Although trout is farmed all year round, the trout season for anglers in the UK begins around mid-March to early April. Dorset is home to one of the most productive fish farms in the country. Allenbrook Trout Farm which backs onto the River Allen near Wimborne St Giles, supplies hundreds of tonnes of live trout to anglers, fisheries and other fish farms around the UK every year. Nicky Findley went behind the scenes to find out how they do it: By his own admission Trevor Whyatt is mad about fish. He’s either breeding them, feeding them, catching them or eating them.

For when he’s not taking care of the many thousands of trout at the farm, he loves sea fishing for sea bass and cod.

Trevor started work at Allenbrook in 1981 as a farm hand, and within ten years he was promoted to manager.

“Our fish get the best of everything,” he says proudly.

“We aim to give them the best quality environment possible and the freedom to behave in a way they would in the wild, because a happy fish is a productive and economic fish.”

The trout are in freshly pumped, oxygen-enriched water sourced from the River Allen, that is so clean Trevor reckons he could bottle it and sell it.

No wonder he practically has them eating out of his hand. As soon as he approaches one of the 14 ponds on the farm, the water starts churning with a flurry of fish tails.

“There are about 4,000 in this particular pond,” he says scattering pellets of fish food across the surface.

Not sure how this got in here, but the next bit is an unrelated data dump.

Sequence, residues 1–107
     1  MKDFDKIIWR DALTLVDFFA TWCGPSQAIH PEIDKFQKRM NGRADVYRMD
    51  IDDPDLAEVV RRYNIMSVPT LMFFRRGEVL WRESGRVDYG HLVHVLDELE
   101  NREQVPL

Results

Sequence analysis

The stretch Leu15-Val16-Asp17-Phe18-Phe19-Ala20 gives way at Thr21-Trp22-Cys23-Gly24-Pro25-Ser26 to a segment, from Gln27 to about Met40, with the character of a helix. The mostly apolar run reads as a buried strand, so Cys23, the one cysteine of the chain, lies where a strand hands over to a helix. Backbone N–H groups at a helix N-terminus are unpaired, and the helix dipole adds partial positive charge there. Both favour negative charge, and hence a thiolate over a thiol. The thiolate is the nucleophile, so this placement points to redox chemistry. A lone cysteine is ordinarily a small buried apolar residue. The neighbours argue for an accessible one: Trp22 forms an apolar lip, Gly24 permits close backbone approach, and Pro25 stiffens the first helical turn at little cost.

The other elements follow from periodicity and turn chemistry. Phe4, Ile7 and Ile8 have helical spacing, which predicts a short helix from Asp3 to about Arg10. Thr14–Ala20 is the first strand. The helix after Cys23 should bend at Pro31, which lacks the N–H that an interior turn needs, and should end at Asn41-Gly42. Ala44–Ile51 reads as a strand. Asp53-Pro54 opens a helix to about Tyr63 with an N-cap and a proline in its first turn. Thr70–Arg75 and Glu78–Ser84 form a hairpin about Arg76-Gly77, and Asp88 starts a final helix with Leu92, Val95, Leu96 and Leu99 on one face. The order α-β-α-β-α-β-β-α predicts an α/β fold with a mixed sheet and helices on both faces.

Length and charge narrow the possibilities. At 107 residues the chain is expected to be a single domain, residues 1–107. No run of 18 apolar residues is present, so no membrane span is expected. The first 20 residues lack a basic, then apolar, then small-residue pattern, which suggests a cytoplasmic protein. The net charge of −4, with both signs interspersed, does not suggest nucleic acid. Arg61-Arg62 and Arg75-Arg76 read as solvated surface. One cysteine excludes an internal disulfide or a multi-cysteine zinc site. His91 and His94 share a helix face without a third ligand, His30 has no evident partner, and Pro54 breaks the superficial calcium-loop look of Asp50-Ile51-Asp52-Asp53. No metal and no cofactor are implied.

Trevor has to live on site because it is a 24/7 job.

“It is quite labour intensive – there is always something that needs to be done. We don’t make huge amounts of money but it is a very interesting job, particularly when it comes to breeding fish because you have to get involved with genetics to keep the strain healthy. You get a lot of satisfaction from producing good quality, strong, aesthetically pleasing fish.”

The farm, which breeds brown trout and rainbow trout, produces around two million eggs per season which are hatched in carefully controlled lighting conditions.

Last week Trevor and his co-worker vaccinated by hand 60,000 juvenile fish in one week.

The farm even has raceways to keep the fish fit.

“We use these for small fish to keep them fit as it mimics the upper reaches of river with shallow fast running water.”

He adds: “We are just replicating what happens in the natural world but on an industrial scale.”